John Rawls

Overview:

We seek to understand how the intestinal microbiome contributes to vertebrate physiology and disease. To that end, we leverage complementary zebrafish and mouse models to study the integrative physiology of host-microbiome interactions. This work has identified novel and conserved mechanisms by which intestinal bacteria regulate dietary fat metabolism and systemic innate immunity. We also apply genomic approaches in these animal models to understand the transcriptional regulatory pathways utilized by the intestinal epithelium to mediate host responses to the microbiome. Using this approach, we have identified mechanisms of transcriptional and chromatin regulation that have been conserved during vertebrate evolution and also contribute to modern human diseases such as the inflammatory bowel diseases, obesity, and diabetes. To further advance our understanding of obesity pathophysiology, we developed the zebrafish as a model system for studying adipose tissues and identifying new environmental and genetic regulators of adiposity. We are also engaged in translational research in humans and animal models to define microbial and metabolic determinants of obesity and efficacy of weight loss intervention. Grounded in comparative and integrative physiology, our research program has been effective in discovering ancient mechanisms of host-microbiome interaction that are conserved across animal taxa and contribute to the etiology of modern human diseases. These insights are advancing our understanding of host-microbiome relationships in vertebrate physiology and identifying novel therapeutic targets for human diseases ranging from inflammatory bowel disease to obesity to neurological disorders.

Positions:

Professor of Molecular Genetics and Microbiology

Molecular Genetics and Microbiology
School of Medicine

Professor in Medicine

Medicine, Gastroenterology
School of Medicine

Member of the Duke Cancer Institute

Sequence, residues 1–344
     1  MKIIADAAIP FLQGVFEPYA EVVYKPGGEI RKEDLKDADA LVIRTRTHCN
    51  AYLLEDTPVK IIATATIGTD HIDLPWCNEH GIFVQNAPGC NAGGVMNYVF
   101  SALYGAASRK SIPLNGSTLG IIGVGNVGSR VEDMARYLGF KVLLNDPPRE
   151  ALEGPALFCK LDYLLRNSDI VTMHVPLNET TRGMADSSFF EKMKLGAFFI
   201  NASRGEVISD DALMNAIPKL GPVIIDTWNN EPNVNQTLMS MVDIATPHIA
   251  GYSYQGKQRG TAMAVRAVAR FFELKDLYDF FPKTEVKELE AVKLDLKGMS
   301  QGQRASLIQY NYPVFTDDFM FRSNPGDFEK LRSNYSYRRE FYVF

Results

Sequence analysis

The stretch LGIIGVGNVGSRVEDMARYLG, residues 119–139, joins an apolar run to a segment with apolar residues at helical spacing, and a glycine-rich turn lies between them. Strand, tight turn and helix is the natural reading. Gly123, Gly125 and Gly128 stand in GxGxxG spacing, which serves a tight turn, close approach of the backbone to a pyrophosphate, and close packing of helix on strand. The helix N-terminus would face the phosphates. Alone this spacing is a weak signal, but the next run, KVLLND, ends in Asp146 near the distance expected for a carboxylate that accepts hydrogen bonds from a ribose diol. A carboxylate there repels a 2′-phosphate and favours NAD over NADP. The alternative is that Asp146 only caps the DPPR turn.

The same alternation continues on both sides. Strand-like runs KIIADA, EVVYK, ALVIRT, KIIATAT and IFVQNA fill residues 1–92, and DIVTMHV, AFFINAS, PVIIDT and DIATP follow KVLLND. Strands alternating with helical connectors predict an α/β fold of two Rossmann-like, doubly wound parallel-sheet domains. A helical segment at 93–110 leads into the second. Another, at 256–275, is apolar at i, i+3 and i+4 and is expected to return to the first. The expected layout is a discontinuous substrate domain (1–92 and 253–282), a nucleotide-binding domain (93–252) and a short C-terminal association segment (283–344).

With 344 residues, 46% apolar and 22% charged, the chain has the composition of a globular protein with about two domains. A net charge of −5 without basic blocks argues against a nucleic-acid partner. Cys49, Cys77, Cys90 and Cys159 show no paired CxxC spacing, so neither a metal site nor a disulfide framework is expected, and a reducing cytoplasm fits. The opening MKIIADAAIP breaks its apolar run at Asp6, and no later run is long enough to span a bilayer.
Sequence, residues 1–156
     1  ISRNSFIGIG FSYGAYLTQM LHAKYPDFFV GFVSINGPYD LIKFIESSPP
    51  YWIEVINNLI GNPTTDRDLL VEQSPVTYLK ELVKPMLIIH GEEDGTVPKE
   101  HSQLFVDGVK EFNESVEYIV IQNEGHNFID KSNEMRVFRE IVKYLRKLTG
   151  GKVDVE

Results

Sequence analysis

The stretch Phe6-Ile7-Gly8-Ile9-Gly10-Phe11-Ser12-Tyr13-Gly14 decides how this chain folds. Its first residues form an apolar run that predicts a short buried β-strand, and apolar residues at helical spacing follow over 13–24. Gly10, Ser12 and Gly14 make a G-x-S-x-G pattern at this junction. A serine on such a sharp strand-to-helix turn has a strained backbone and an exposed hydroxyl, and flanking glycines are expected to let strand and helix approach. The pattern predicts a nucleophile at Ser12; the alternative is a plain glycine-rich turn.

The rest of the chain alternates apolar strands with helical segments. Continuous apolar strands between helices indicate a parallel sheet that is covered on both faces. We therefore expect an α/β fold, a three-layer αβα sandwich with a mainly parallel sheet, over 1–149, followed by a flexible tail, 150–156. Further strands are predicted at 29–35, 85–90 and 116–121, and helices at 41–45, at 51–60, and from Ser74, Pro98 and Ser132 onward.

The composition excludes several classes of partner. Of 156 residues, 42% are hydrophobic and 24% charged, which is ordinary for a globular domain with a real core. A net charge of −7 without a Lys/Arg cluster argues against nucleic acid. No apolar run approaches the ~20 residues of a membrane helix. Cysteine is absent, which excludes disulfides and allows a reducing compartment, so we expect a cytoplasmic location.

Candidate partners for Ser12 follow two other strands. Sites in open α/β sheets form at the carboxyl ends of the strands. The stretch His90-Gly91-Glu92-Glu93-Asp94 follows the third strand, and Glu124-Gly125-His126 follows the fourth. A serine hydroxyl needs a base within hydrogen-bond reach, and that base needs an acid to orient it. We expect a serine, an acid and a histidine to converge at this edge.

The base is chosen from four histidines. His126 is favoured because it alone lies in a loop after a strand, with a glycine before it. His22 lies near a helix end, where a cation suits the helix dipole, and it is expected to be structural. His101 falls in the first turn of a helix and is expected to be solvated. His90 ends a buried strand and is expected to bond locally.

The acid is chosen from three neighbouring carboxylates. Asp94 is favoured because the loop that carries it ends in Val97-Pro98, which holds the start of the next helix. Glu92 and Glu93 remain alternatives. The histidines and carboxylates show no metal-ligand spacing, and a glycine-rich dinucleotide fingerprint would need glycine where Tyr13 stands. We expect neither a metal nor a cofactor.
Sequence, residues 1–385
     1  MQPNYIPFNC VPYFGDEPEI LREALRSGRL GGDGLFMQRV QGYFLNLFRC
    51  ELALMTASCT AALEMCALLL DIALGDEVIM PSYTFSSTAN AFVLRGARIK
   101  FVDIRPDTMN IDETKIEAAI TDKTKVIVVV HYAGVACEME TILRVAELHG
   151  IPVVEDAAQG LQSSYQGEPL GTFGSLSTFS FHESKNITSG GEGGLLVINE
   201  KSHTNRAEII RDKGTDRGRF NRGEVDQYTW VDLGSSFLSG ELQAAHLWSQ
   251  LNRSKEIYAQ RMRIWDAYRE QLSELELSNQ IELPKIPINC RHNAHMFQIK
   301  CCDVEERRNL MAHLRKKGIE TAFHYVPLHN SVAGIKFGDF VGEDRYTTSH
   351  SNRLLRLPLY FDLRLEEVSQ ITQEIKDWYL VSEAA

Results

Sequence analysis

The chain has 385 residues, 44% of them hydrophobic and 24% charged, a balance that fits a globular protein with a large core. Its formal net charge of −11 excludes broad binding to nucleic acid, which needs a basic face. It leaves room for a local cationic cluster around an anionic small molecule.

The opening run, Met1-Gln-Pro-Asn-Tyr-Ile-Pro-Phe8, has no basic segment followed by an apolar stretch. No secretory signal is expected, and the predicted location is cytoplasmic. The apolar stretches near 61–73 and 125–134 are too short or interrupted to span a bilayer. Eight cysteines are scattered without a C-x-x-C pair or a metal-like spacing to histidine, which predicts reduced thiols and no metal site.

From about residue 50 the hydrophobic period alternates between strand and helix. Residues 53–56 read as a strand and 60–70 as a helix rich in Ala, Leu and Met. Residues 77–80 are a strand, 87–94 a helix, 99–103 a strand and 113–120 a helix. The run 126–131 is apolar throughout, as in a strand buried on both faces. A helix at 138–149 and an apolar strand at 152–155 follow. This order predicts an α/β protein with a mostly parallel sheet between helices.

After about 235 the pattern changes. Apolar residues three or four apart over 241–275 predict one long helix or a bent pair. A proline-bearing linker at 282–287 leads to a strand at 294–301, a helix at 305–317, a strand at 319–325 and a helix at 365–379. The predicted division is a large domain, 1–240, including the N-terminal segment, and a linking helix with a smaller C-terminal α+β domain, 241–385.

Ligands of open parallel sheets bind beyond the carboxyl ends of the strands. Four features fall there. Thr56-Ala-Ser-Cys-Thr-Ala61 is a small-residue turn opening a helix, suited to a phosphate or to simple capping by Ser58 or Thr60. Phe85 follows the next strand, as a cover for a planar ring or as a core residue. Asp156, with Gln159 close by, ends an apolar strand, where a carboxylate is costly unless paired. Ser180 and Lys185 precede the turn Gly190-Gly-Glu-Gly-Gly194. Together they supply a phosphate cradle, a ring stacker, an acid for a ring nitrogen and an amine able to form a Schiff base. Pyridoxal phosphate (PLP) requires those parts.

Duke Cancer Institute
School of Medicine

Education:

B.S. 1996

Emory University

Ph.D. 2001

Washington University in St. Louis

Grants:

Cellular and Environmental Regulation of Protein Absorption and Utilization in the Early Intestine

Administered By
Cell Biology
Awarded By
National Institutes of Health
Role
Co Investigator
Start Date
End Date

Genetic and Epigenetic Regulation of Intestinal Inflammation

Administered By
Cell Biology
Awarded By
National Institutes of Health
Role
Co Investigator
Start Date
End Date

Regulation of Luminal Protein Uptake and Trafficking By Lysosome-Rich Enterocytes

Administered By
Basic Science Departments
Awarded By
National Institutes of Health
Role
Co-Sponsor
Start Date
End Date

Lightsheet Imaging System

Administered By
Biology
Awarded By
National Institutes of Health
Role
Major User
Start Date
End Date

Summer Scholars Program in Genome Sciences and Medicine

Administered By
Duke Center for Applied Genomics and Precision Medicine
Awarded By
National Institutes of Health
Role
Significant Contributor
Start Date
End Date

Publications:

Using zebrafish to understand reciprocal interactions between the nervous and immune systems and the microbial world.

Animals rely heavily on their nervous and immune systems to perceive and survive within their environment. Despite the traditional view of the brain as an immunologically privileged organ, these two systems interact with major consequences. Furthermore, microorganisms within their environment are major sources of stimuli and can establish relationships with animal hosts that range from pathogenic to mutualistic. Research from a variety of human and experimental animal systems are revealing that reciprocal interactions between microbiota and the nervous and immune systems contribute significantly to normal development, homeostasis, and disease. The zebrafish has emerged as an outstanding model within which to interrogate these interactions due to facile genetic and microbial manipulation and optical transparency facilitating in vivo imaging. This review summarizes recent studies that have used the zebrafish for analysis of bidirectional control between the immune and nervous systems, the nervous system and the microbiota, and the microbiota and immune system in zebrafish during development that promotes homeostasis between these systems. We also describe how the zebrafish have contributed to our understanding of the interconnections between these systems during infection in fish and how perturbations may result in pathology.
Authors
Levraud, J-P; Rawls, JF; Clatworthy, AE
MLA Citation
Levraud, Jean-Pierre, et al. “Using zebrafish to understand reciprocal interactions between the nervous and immune systems and the microbial world.J Neuroinflammation, vol. 19, no. 1, June 2022, p. 170. Pubmed, doi:10.1186/s12974-022-02506-x.
URI
https://scholars.duke.edu/individual/pub1525468
PMID
35765004
Source
pubmed
Published In
Journal of Neuroinflammation
Volume
19
Published Date
Start Page
170
DOI
10.1186/s12974-022-02506-x

Advanced Obesity Treatment Selection among Adolescents in a Pediatric Weight Management Program.